Thomas Young (c. 1650 - ) was an English woodcarver and property developer, best known for Kensington Square.
It is thought that he was born in Devon. Young was apprenticed to a joiner and woodcarver, and was admitted to the Joiners' Company as a freeman in 1670, at the age of about 20.
In 1685, he acquired 14 acres of land in Kensington which he sought to develop, and as he later described it in 1701, "did sett out and appoint a considerable part thereof to be built into a large Square of large and substantial Houses fit for ye Habitacion of persons of good Worth and Quality, with Courts and Yards before and Gardens lying backwards". This was Kensington Square.From 1692 onwards, the central garden was laid out.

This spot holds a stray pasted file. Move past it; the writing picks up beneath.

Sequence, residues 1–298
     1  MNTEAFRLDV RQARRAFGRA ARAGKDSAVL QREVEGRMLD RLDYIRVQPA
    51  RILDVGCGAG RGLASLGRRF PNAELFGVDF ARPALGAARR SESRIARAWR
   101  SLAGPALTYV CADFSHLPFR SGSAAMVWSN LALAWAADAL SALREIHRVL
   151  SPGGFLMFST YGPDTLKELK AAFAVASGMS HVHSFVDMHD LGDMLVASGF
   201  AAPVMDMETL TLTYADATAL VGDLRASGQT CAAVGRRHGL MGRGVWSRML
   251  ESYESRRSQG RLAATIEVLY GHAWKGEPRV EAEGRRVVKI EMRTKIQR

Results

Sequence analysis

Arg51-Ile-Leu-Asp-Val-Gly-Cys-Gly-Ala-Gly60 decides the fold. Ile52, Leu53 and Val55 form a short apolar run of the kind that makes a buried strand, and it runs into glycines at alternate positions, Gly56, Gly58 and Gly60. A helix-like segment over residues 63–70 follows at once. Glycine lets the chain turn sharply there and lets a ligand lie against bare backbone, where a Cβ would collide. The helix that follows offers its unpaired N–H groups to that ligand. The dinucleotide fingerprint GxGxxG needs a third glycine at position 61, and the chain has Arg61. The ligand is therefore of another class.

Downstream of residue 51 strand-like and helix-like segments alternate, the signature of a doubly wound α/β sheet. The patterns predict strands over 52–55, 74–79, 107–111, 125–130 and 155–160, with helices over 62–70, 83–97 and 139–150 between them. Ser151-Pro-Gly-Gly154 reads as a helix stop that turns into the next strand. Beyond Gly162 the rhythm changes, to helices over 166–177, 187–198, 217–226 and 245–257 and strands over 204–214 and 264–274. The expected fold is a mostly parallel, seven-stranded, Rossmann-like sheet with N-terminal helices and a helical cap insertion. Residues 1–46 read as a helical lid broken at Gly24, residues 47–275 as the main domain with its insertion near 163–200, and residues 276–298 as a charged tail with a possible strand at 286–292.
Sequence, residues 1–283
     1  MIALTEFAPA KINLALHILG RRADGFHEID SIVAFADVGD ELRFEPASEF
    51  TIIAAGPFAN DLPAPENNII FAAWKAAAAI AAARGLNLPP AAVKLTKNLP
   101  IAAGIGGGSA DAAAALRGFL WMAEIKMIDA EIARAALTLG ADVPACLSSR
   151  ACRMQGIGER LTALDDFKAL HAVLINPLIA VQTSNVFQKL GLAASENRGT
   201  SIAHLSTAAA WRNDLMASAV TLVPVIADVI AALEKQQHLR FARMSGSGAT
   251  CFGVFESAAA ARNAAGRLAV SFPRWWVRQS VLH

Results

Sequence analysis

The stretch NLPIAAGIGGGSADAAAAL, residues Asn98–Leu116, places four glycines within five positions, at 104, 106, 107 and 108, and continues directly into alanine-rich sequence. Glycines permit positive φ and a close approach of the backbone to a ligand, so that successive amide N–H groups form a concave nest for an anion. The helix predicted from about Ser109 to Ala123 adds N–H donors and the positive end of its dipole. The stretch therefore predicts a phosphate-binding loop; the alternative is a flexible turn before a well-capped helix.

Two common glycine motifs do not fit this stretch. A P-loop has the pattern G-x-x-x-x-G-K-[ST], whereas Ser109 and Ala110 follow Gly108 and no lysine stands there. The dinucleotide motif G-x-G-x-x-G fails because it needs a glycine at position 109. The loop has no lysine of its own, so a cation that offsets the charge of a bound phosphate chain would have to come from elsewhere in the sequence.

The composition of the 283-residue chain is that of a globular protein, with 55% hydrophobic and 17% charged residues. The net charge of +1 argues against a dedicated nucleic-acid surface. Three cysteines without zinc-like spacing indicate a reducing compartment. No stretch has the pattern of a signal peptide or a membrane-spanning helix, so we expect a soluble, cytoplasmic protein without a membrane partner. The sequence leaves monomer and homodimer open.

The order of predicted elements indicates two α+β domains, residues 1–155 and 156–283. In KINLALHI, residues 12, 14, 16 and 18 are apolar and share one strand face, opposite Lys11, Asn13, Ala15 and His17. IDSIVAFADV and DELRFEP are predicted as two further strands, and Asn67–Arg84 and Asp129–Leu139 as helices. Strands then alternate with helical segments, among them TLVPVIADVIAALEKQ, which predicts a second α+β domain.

Young attempted to develop Kensington Square alone, but had financial problems, which led him to sell plots to other developers, and to borrow more money. He was eventually jailed in the King's Bench Prison for debt. He was backed by Thomas Sutton, who persuaded him to give more equity to Sutton to prevent other creditors from seizing his remaining land, and to help obtain his release. However, after Young left prison, he was not able to repay his loan to Sutton, got into debt again, and spent almost ten years in Fleet Prison. He ended up having to bring a case against Sutton.
Young Street, which runs north–south from Kensington High Street to Kensington Square, is named after him.
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